The perception of registered design protection in the South African Jewellery Industry

Conference: 

Discipline: 

Fashion, Jewellery & Textile Design

Keywords: 

  • intellectual property

The aim of this paper is to examine the perception and validity of commercial design protection in the South African Jewellery Industry and to convey the general consensus regarding the registration of commercial designs. This exploratory study employs quantitative research and information was collated through a questionnaire that was distributed by the Jewellery Council of South Africa. The questionnaire gauged, inter alia, whether South African jewellers are aware of the Designs Act, the design registration process and which commercial designs are registered.

Over  the  years,  it  has  become  increasingly  important  for  jewellery  companies  and  individual designers to protect their original commercial jewellery designs from being reproduced. A company can create specific commercial designs to represent the image of their company, such as the case of Browns Jewellers’ Protea collection and Shimansky’s Millennium ring design.  The most common practice to protect mass-produced commercial jewellery designs in South Africa is to register a design at the South African Design office. According to the section 1 (1) of the Designs Act No.195 of 1993 (South Africa), a commercial jewellery design can be registered as an “aesthetic design”, which mainly refers to the visual protection of the pattern, shape, configuration or ornamentation of the article.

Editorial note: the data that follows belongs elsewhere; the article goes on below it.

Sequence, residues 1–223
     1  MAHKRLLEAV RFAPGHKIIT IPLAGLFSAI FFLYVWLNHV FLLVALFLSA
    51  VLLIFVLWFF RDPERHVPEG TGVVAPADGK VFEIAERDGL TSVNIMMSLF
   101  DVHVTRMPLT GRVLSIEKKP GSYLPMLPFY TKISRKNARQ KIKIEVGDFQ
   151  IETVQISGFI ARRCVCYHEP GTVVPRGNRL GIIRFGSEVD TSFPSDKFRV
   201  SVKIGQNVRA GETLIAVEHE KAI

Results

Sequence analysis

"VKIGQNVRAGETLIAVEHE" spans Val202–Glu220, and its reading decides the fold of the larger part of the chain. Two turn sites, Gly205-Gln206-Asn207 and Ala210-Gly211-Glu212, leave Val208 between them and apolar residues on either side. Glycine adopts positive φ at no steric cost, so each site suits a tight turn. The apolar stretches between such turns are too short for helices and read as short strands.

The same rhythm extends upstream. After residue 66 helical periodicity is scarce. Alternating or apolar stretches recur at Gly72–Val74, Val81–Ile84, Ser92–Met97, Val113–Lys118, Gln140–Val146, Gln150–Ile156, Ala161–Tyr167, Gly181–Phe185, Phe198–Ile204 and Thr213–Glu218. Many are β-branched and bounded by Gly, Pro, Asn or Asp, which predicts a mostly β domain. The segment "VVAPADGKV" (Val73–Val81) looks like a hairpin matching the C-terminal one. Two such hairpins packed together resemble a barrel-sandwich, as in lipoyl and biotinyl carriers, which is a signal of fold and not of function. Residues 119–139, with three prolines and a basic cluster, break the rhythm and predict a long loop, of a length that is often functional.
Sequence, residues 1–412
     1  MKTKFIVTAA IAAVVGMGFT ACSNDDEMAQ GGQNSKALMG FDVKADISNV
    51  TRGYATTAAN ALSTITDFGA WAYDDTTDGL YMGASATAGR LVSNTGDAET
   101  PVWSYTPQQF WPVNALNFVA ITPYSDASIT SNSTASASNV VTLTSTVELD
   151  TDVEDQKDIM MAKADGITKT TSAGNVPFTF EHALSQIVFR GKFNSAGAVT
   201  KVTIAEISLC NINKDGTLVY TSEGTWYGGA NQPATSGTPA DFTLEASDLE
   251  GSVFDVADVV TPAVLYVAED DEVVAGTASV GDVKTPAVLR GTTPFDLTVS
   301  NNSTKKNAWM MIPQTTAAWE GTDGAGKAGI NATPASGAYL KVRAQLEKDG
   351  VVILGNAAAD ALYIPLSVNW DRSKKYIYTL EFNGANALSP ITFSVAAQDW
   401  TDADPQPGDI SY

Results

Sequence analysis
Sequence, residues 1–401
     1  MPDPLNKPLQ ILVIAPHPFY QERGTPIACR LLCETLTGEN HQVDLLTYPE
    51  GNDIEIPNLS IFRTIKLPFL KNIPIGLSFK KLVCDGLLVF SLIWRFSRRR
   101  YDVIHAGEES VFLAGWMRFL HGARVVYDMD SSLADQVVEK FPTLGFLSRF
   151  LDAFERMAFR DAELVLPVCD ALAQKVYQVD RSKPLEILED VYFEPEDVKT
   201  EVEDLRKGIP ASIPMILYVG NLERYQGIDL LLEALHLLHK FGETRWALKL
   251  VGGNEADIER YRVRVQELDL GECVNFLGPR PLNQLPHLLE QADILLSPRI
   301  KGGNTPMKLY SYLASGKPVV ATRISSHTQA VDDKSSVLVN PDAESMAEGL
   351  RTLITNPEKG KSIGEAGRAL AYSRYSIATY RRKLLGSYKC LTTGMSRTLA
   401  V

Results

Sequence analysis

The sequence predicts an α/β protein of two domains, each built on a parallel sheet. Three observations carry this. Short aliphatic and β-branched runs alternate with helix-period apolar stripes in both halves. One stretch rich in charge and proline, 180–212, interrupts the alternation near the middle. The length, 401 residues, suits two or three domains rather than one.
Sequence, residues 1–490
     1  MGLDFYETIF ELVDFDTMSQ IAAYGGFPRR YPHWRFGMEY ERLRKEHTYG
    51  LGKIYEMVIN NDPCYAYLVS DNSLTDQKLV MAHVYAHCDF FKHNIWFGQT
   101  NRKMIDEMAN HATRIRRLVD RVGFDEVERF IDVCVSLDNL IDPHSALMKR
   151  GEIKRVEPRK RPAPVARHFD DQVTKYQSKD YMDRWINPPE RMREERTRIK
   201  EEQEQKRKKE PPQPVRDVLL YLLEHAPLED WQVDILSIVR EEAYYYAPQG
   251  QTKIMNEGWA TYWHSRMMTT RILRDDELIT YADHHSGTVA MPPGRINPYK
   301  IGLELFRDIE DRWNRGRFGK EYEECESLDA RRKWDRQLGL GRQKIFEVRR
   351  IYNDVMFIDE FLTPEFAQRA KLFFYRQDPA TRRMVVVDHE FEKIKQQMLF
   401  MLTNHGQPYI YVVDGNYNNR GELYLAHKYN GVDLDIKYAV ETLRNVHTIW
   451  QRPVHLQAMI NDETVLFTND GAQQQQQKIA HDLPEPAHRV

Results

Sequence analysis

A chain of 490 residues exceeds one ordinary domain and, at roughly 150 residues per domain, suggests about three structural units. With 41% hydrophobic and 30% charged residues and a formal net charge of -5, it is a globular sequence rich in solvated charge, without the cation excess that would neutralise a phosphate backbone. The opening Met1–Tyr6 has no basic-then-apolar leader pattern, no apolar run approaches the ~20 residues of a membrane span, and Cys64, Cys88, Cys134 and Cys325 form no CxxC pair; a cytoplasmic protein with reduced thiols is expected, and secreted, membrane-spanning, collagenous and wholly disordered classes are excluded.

Some local jewellery companies have registered commercial designs according to the Designs Act (South Africa) and over 140 designs are currently recorded in the jewellery domain. Yet, such designs and  other  protected  jewellery  designs  are  still  reproduced  in  South  Africa.  Conversely,  many designers underestimate design protection and do not realize that designs are important intellectual property that is a valuable asset for any business.

The paper discusses the findings of the questionnaire and based on the results, the perception of commercial   jewellery   design   registration   in   the   Jewellery   Industry   becomes   evident.   These perceptions would be used as a guideline in the dissemination of information pertaining to design registration and would aid in a greater understanding and awareness of protected designs and the design registration process.

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